Bank wants Help to Buy scaled back

Keys in a door

I have learned that the governor of the Bank of England would like the Treasury to reduce the maximum size of loan that qualifies for a government-backed Help to Buy mortgage from £600,000 to perhaps £350,000 or £400,000.

I will explain why this matters in a bit. But first, here's a bit of general context.

There is a lot of talk here in Davos about how this era of cheap money has pumped up asset bubbles.

In the UK, as you know, that concern focuses on whether the housing market is overheating - which it may be doing in London and the south east of England.

All of which raises the question whether it is time for the price of money (interest rates) to start being gradually raised from its historically low level in most of the rich developed economies.

There is a related issue in the UK, which is whether the pace and nature of the economic recovery - driven to a considerable extent by household consumption - justifies a rise in interest rates.

My sense is that the Bank of England's Monetary Policy Committee is not united on this issue, that some members are moving to the view that a small increase in interest rates would be beneficial sooner rather than later.

There is a lot of gossip from informed sources to that effect - that the governor, Mark Carney, who has made it clear in recent months that he would rather keep interest rates at current exceptionally low levels for as long as possible, risks being outvoted.

Against that backdrop, I interpreted last night's interview with Carney, on BBC's Newsnight, as a sign that he fears he may not be able to stave off a rise in the policy rate in coming months.

Mark Carney interviewed on Newsnight

Because what stood out for me was his emphasis that as and when interest rates rise, those increases will be very small - implying an initial rise of a quarter of a percentage point.

This sounded like a concession to his more hawkish colleagues - those who favour an earlier rise in rates.

Start Quote

Those who favour pushing up interest rates to prevent a housing bubble... could be placated by a reduction in the maximum Help to Buy loan value”

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Which will not thrill the chancellor, George Osborne, who will want to be confident that the UK's recovery is firmly entrenched before there is any rise in rates.

There is however one thing the chancellor could do which could perhaps stave off an interest rate rise for a bit longer, and that would be to modify his Help to Buy mortgage support scheme.

As I have already mentioned, I am in no doubt that the governor of the Bank of England would like the maximum size of mortgage that qualifies for a Help to Buy loan reduced from £600,000.

The reason is that in doing so, the charge could no longer stick that the Help to Buy scheme is pumping up prices in London and south east England, which is the only part of the UK where there are signs of overheating in the housing market.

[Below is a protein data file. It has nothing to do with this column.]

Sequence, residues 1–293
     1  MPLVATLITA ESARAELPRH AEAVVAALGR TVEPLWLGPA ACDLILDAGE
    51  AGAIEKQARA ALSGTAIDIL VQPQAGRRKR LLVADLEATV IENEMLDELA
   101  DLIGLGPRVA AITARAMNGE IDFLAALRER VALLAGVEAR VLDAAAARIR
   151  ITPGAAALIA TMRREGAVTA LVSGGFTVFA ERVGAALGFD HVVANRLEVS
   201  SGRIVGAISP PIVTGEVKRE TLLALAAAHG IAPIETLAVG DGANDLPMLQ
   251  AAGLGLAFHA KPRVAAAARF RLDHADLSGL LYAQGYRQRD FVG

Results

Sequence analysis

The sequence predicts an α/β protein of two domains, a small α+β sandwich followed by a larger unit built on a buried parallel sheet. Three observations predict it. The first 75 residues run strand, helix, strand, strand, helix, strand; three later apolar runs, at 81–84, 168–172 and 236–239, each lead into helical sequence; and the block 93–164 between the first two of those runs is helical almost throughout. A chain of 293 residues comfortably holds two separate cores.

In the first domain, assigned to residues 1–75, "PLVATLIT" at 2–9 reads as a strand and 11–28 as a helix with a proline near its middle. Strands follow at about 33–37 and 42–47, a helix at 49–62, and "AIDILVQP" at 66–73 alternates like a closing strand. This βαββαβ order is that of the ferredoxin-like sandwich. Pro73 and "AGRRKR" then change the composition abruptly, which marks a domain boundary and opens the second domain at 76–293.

How so?

Well the appalling truth, which you know, is that there simply aren't that many low value properties in the capital and its environs. So reducing the maximum from £600,000 would mean that Help to Buy would see reduced take-up in that part of the country.

So those who favour pushing up interest rates to prevent a housing bubble, and in turn reduce both incipient inflation and possible financial instability, could be placated by a reduction of perhaps £200,000 or £250,000 in the maximum Help to Buy loan value.

Would such a modification be embarrassing for the Treasury and chancellor?

Probably only a bit.

Because in practice, Help to Buy is already having more impact outside London, where it is needed most, than inside London.

I know this based on data about its impact, passed to me by banking sources, who point out three things:

  1. That the average value of Help to Buy loans is just under £150,000, which implies it is helping first time buyers and those on lower incomes
  2. That around 80% of Help to Buy mortgages are for houses outside London and south east England, where in theory they are most needed
  3. That so far there have been around £1bn of applications for Help to Buy loans, which implies that demand is good but not spectacular.

By the way, when I talk about Help to Buy, I mean specifically the second scheme, aimed at the second-hand market, not the original scheme to encourage house building.

Will the Treasury bite and reduce the maximum value to £350,000 or £400,000?

Well all I can say is that the Chancellor seems to be to show no sign of any waning in his admiration for Carney, so there is a fair probability he will heed his advice.

UPDATE 10:30

The Bank of England has given me this statement in response to my story on the Governor's position on Help to Buy:

"The assertion that the governor would like the Treasury to reduce the maximum size of loan that qualifies for a Help to Buy mortgage is completely without foundation."

For what it is worth, I stand by everything I wrote.

Robert Peston Article written by Robert Peston Robert Peston Economics editor

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  • rate this

    Comment number 30.

    Has 2008 been forgotten already? Government-backed mortgages are just another form of propping up the banks. Banks lend based on calculated risk, and this is done for a reason - risky loans are extremely dangerous and if/when things go desperately wrong again, the Government wont have the 'choice' of whether to step in, we will be legally obliged.

  • rate this

    Comment number 29.

    Osborne employed Carney to tell him what to do (not being an economist) so presumably he is going to do what he says.

  • rate this

    Comment number 28.

    One thing that's likely exacerbating the boom bust cycles we keep going through is property speculation. Building firms have land banks (Bovis 5 yrs) which they sit on thus pushing up the price of land. Land Value Tax would go a long way to stop such anti-social practices. It has other benefits too